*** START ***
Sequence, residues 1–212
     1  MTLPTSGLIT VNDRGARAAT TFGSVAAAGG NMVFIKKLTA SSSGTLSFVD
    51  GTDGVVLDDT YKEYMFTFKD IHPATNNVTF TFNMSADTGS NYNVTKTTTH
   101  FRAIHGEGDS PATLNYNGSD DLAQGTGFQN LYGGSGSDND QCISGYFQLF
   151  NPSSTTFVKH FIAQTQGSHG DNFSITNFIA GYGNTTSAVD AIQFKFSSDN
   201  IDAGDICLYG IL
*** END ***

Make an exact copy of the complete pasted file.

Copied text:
Sequence, residues 1–212
     1  MTLPTSGLIT VNDRGARAAT TFGSVAAAGG NMVFIKKLTA SSSGTLSFVD
    51  GTDGVVLDDT YKEYMFTFKD IHPATNNVTF TFNMSADTGS NYNVTKTTTH
   101  FRAIHGEGDS PATLNYNGSD DLAQGTGFQN LYGGSGSDND QCISGYFQLF
   151  NPSSTTFVKH FIAQTQGSHG DNFSITNFIA GYGNTTSAVD AIQFKFSSDN
   201  IDAGDICLYG IL